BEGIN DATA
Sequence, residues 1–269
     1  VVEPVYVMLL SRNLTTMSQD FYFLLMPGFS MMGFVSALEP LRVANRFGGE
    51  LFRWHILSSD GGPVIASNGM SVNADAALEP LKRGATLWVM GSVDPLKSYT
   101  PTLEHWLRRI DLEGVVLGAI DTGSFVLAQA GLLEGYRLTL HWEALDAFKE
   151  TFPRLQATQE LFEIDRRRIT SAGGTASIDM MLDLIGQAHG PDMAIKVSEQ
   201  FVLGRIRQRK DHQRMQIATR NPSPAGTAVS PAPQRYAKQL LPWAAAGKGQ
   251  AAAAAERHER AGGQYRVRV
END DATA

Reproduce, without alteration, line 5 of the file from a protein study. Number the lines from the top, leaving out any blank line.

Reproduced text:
   151  TFPRLQATQE LFEIDRRRIT SAGGTASIDM MLDLIGQAHG PDMAIKVSEQ